Avondale City Council plans to construct a new resource and senior center in Historic Avondale.
Avondale Assistant City Manager Gina Ramos Montes told the City Council during its March 5 meeting that the Care1st Avondale Resource Center has outgrown its space. She added the center’s staff and its partners have been creative about making its small space work.
“With the growth and utilization, we have outgrown the space. It’s bursting at the seams and if any of you have been there recently, it’s a hub of activity and that’s a good thing, but we’re past capacity,” she said.
The Dick and Fritsche Design Group has been working with officials to determine a new location. Staff ascertained most clients live in the Historic Avondale area, so that location would be ideal.
The project has a $9 million budget, but staff is looking for ways to trim that. Montes recommended a new joint resource and senior center because vacant land in Historic Avondale is limited. Montes said it would reduce the construction and operation cost by $2.8 million.
It would be easier for clients as well because they could use one facility instead of traveling in between two.
“I’ve had the chance to help out, sit, learn and observe the facilities and all the programs they put on,” said Vice Mayor Bryan Kilgore. “I noticed, too, they are separated and scattered. I do agree that if we put them in one building, then no one will fall through the cracks.”
Plans call for the new building to be certified by Leadership in Energy and Environmental Design (LEED), a green building-rating system that provides a framework to create “healthy, highly efficient and cost-saving green buildings,” according to its website.
Kevin Kendell, project manager for the city, said LEED certification is an important designation because it assures the city a sustainable and environmentally friendly building. It also allows the city to qualify for certain programs and funding.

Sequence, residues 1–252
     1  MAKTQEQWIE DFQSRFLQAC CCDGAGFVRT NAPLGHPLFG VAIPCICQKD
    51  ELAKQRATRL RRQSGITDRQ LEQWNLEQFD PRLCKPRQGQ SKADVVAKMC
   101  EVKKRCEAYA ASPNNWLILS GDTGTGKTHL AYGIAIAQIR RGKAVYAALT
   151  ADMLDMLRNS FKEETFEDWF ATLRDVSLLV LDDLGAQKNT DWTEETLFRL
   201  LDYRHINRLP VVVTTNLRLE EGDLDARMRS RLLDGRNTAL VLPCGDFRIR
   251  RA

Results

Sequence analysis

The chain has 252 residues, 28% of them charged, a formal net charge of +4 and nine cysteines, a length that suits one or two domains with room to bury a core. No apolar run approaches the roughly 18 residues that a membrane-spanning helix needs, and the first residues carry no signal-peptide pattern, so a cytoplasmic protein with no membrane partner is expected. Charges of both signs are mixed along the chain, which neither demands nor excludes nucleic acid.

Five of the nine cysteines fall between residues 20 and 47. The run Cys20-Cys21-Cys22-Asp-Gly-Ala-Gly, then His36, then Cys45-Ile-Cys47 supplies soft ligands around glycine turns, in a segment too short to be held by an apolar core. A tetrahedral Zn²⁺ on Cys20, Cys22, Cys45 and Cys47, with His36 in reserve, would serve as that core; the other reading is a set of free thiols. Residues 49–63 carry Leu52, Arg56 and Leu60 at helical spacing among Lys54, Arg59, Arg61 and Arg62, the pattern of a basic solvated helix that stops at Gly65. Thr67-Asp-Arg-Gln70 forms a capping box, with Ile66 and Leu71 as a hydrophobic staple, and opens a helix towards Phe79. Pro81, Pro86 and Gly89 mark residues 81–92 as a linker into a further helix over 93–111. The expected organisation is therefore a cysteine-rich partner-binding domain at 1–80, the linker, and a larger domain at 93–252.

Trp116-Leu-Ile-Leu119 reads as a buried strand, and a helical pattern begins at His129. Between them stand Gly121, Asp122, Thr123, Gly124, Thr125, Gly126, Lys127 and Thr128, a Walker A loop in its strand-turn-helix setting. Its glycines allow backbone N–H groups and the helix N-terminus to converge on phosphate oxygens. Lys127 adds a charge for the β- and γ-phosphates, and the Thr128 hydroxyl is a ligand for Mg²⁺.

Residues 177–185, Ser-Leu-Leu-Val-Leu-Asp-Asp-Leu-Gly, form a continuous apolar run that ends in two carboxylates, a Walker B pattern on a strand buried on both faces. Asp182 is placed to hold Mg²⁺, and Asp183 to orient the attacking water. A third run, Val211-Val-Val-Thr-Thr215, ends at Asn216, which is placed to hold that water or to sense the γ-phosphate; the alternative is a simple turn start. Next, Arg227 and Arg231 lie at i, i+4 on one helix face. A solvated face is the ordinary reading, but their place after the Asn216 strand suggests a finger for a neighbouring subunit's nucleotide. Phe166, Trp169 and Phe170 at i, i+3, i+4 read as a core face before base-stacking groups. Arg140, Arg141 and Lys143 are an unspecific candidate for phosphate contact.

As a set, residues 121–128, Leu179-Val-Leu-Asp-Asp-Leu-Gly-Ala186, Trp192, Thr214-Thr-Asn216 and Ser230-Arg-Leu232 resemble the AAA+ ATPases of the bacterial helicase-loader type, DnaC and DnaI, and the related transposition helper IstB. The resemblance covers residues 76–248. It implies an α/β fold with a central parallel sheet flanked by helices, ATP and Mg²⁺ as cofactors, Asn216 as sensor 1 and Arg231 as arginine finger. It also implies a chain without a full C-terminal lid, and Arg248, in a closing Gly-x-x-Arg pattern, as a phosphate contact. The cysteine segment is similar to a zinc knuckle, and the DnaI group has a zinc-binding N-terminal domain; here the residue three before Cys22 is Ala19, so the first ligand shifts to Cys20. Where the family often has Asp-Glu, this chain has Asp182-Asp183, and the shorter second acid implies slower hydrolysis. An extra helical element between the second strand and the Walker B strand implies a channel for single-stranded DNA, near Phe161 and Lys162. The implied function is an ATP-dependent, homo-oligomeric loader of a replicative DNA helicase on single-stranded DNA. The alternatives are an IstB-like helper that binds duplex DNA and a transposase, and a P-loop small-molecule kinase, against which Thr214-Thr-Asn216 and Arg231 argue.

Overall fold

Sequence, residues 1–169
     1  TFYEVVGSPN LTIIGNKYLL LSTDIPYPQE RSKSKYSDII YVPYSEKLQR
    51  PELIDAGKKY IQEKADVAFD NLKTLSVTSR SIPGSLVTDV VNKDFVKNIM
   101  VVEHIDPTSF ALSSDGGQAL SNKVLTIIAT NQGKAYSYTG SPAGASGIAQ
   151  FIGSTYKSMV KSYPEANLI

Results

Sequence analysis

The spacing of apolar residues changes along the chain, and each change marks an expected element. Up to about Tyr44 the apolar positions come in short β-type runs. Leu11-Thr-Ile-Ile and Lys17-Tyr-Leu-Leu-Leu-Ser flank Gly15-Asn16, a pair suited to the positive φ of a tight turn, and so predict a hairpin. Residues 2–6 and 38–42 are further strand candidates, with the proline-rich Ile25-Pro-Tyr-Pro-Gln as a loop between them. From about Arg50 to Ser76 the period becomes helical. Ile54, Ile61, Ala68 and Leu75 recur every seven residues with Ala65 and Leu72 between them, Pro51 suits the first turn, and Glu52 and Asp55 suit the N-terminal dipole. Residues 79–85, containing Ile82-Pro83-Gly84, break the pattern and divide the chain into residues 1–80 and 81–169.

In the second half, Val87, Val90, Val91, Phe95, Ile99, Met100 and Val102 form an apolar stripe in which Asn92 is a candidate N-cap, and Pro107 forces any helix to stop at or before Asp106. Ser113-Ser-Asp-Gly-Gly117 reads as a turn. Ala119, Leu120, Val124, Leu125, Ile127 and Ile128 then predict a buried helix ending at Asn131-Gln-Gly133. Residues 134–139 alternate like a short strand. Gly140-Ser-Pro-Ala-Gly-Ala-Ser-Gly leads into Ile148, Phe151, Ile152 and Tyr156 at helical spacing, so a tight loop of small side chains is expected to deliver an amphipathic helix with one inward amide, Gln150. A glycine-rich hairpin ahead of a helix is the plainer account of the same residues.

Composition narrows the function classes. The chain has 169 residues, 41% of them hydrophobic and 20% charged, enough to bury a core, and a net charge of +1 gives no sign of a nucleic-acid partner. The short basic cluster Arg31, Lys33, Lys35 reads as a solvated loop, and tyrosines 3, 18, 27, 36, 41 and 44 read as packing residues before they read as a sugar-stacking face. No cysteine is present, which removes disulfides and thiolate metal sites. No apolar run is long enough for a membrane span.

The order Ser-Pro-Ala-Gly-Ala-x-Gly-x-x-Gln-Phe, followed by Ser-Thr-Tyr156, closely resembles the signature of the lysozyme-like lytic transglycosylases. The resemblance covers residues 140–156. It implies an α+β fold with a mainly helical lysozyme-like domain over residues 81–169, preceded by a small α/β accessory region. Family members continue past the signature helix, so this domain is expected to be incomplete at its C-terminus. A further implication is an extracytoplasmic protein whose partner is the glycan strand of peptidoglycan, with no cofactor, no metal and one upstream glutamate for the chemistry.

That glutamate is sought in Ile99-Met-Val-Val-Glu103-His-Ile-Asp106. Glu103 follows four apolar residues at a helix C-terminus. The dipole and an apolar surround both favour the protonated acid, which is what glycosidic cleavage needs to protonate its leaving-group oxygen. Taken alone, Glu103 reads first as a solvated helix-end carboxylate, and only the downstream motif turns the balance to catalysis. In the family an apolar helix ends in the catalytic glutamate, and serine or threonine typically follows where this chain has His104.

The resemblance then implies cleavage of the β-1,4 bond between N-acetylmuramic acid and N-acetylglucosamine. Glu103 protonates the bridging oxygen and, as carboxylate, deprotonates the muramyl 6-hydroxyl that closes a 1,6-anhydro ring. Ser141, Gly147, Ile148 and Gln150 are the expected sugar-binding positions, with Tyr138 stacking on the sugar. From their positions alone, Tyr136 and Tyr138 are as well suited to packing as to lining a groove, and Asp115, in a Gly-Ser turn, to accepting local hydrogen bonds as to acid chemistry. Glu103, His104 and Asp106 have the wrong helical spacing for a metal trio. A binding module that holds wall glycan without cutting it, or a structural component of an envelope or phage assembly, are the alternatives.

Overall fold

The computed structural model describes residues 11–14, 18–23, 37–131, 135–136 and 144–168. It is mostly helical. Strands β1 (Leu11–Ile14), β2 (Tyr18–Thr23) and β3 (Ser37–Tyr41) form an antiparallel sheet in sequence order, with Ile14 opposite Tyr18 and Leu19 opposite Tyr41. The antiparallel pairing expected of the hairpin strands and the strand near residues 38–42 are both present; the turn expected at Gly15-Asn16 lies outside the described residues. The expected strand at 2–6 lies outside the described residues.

Mayor Kenneth Weise said he is okay with going forward with the LEED certification, but asked if certification was required. He added that adhering to its strict standards would add to the construction cost.
“There is a cost associated with that, that adds to the cost of construction. So I’m okay with going forward with LEED, but you can do LEED things in a building and not get the certification and still meet the requirements,” he said.
Weise, along with other council members, shared his concern about the size of the building. “We’re going to have a hard time finding four acres in Historic Avondale,” he said.
Council members also emphasized the need for the building to be visible to community members.
“I’m just more concerned that wherever we go it’s just a little more visible for other people in the community to see. Sometimes when it’s hidden people don’t know about it,” said councilmember Pat Dennis.
Kendall was also concerned about the square footage.
“If the council wants to plan for more growth, we can,” Kendall said. “Not only does the building include a 5-percent growth factor; the site would accommodate a 25 percent growth.”
Councilman Lorenzo Sierra shared his concern about the accessibility of the new facility. Kendall and Montes reassured him that public transportation would be available.
Next, the city and project staff will select a location and have a full discussion about funding.
In 2008, the city entered into an agreement with Care1st Health Plan Arizona to receive financial support for the creation of the Care1st Avondale Resource Center.